Former Econ Major Jamie Chung Has Always Believed in Acting

Jamie Chung plays Janice Channing on NBC's "Believe." (Photo by: Giovanni Rufino/NBC)

Beautiful? Check. Talented? Check. Busy? Double check. Jamie Chung is among the hottest actresses on prime time. She stars on the NBC series “Believe,” played Mulan in “Once Upon a Time”  and has a resume bursting with movie credits such as “The Hangover Part III,”  the indie film “Knife Fight,” “Premium Rush,” and “The Man With the Iron Fists.”

Discover: More Jamie Chung Movies & TV Here

The California native and daughter of Korean parents studied economics at the University of California, Riverside before breaking into show business, though, as you’ll discover below, she always envisioned herself ending up onscreen. We caught up and spoke to her about that break, her series, and the importance of her Korean heritage.

“Believe” is doing very well in general and people are using XFINITY On Demand to catch up with it. How did your role on the show come about? JC: That’s great to hear. I heard through the grapevine that Alfonso was teaming up with JJ Abrams to do a TV show and I had to be apart of it. I originally auditioned for “Moore,” the hit woman, but Mark Friedman and casting thought I was too sweet. So they had me go back to the waiting room with new sides and read for Channing. They told me I could take as long as I wanted for the new sides. I was ready to go in 15min. They really believed in me.

What do you like about the show? JC: I love that the story is centered around a young girl and her father. How they meet and get to know one another is unconventional, but at the end of the day Love trumps all. I also really like the fact that every episode has a happy ending. Each episode is filled with such talented guest star actors.

What do you think people are reacting to? JC: Johnny Sequoyah. She’s so talented and lovable.

By now the story is well known, but you were discovered, so to speak, or asked to be on MTV’s “The Real World,” while you were working in a sports bar. Tell us the story – where were you in your life, what happened… JC: I was in college working two jobs and paying for tuition. They came to my city. I auditioned and got the part. It was on one of the best experiences of my life and am very grateful they picked me.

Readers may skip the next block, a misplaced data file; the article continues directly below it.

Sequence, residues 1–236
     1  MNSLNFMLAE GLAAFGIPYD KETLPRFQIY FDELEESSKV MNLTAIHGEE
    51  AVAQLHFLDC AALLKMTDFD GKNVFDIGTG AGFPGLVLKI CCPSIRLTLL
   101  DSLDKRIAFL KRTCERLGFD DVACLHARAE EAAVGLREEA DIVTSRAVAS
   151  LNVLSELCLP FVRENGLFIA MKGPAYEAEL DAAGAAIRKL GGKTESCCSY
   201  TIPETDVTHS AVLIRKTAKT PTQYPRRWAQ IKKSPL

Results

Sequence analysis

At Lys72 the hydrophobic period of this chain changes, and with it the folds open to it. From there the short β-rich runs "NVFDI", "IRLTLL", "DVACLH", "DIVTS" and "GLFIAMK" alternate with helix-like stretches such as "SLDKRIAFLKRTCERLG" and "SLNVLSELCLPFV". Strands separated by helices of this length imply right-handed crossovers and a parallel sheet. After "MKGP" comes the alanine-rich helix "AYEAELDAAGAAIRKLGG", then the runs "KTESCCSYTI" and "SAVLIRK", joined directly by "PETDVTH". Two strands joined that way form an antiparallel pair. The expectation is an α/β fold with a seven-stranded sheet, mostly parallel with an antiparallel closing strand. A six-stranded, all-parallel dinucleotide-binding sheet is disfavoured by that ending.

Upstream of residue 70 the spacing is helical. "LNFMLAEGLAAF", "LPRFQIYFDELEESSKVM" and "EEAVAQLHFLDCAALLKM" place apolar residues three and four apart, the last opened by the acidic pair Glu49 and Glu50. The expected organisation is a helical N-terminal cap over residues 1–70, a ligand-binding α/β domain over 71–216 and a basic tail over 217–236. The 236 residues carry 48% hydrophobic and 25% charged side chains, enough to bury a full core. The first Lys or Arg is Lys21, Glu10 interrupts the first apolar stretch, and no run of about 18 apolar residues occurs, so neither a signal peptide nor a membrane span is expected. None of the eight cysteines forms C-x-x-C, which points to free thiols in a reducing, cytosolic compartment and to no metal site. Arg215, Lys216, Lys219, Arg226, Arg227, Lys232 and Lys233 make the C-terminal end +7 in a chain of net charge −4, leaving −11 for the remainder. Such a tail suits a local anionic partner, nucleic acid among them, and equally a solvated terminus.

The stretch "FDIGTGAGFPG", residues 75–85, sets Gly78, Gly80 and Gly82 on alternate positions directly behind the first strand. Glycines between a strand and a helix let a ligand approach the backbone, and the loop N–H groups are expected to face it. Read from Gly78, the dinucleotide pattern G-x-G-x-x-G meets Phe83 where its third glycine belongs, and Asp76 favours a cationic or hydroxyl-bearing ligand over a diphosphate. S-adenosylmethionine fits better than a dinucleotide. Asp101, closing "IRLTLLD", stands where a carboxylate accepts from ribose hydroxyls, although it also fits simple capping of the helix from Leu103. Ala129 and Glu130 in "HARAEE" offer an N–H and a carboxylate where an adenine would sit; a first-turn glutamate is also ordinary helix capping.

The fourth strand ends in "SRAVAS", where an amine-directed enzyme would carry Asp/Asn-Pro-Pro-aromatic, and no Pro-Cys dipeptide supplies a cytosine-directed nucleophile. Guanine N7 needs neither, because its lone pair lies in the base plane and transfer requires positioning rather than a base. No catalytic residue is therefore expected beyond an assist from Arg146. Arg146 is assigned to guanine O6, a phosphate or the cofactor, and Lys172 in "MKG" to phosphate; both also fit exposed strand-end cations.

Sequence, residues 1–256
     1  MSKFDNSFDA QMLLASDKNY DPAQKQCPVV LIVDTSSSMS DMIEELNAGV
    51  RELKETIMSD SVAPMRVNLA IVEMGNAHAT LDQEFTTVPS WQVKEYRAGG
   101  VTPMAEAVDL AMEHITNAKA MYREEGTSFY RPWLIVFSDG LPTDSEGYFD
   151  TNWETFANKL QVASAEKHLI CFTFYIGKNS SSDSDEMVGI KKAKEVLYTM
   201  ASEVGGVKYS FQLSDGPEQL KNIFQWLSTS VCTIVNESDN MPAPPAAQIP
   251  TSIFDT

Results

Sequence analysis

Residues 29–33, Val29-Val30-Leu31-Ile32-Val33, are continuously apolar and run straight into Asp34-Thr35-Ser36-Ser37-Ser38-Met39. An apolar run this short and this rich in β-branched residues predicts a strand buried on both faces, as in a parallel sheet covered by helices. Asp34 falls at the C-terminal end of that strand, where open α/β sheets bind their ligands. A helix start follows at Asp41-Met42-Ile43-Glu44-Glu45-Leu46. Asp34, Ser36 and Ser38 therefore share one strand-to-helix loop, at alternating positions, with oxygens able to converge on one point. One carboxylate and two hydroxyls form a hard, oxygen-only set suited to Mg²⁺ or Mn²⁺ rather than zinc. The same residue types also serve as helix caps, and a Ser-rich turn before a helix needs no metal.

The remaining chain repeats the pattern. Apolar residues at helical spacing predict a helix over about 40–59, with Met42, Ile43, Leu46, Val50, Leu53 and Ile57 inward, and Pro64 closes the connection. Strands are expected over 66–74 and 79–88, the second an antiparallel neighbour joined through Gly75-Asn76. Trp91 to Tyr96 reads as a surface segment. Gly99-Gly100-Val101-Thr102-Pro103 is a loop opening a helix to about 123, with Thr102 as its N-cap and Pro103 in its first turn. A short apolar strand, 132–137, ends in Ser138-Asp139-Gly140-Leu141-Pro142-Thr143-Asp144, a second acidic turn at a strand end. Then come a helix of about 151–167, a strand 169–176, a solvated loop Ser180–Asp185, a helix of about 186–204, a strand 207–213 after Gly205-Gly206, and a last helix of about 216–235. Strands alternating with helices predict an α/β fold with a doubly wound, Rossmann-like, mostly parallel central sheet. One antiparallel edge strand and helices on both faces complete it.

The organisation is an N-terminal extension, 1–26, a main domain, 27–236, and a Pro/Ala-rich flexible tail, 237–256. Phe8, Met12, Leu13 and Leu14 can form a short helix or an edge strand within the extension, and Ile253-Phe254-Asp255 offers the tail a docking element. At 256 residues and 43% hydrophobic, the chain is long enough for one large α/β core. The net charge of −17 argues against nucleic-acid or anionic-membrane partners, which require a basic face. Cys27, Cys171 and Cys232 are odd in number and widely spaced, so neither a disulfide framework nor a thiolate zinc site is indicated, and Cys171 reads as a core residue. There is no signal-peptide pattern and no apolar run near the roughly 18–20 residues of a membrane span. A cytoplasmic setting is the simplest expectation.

Tell us about your background. What was your family like? What were you like as a kid? JC: I was a bit of a tomboy. Loved sports. My parents worked all the time so my sister and I would stay home and watch a lot of TV and movies. A LOT of movies. Some that were probably not age appropriate.

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You majored in economics in college. Was your plan to go into business? Or acting? JC: It was always acting. I just needed a backup plan. Education is important to me.

When did you know you wanted to be an actress? JC: Since I was a kid. Loved doing skits and plays when I was younger.

Who were your inspirations growing up? JC: Audrey Hepburn, Diane Keaton, Bruce Lee.

How did coming from an Asian family influence you? JC: To always work hard and take chances. Asians are known for being conservative and smart becoming doctors and lawyers. Some could possibly perceive that as being “safe.” But I see it as being courageous. My parents immigrated to the U.S without knowing a lick of English. They were able to start their own business, own a house and raise a family. That’s pretty damn ballsy and courageous. And they are extremely hard working. I learned my work ethics from my folks.

Did it impact your school life or your career choices? JC: Yes. it made me take the leap of faith after college to chase after dream. Wow. That sounded like an after school special.

Besides “The Real World,” what do you consider your most important break? JC: I don’t think I’ve had that yet. Don’t get me wrong…I’m grateful for all the work and for working aside such amazing folks. That’s priceless…I just don’t consider that a “big break.”

You did a lot of guest starring roles – “ER,” “Castle” among them. Who did you learn from? Who has given you good advice? JC: No role is a small role. It’s all necessary to tell the larger story. And that’s what we do. We are storytellers.

How important to you is your Korean heritage? JC: Very. Korean was part of my academics growing up but my brain has a hard time learning the language that way. My stand in and good friend Hye Jin has been so supportive on set. We’re always speaking in Korean and I feel like I’m really improving. I’m expanding on my conversational Korean. In terms of learning the overall heritage, It’s a part of my life. It’s very important to me.

Do you think of yourself as a role model? JC: I’m certainly not perfect. It’s flattering and I’m happy to be inspiring other young women.

Are there any traditions, family traditions, you love and continue? JC: New Years. In Korean it’s called Sebae. I love that it’s all about spending time with family, wishing each other good luck, respecting your elders and remembering your ancestors. Oh yeah, and eating a lot of mandu.

When you look back, who gave you the best advice – and what was it? Why was it good? JC: Don’t compare your career to someone else’s career. This is your journey and yours only.

What advice do you have for others who might be considering a career like yours or looking at you as a role model? JC: It’s gonna be hard, but you have to ride it out. When you don’t book a job, don’t consider it as a failure. Use it fuel you for your next audition.

What do you like to do during your free time? JC: Work out, blog, travel, learn Korean, eat, Yelp places to eat, get lost, go to parks, take photos.

What’s next for you? JC: Hong Kong and a bunch of movies that are in the can.

The opinions expressed are solely those of the author and do not necessarily reflect the views of Comcast.

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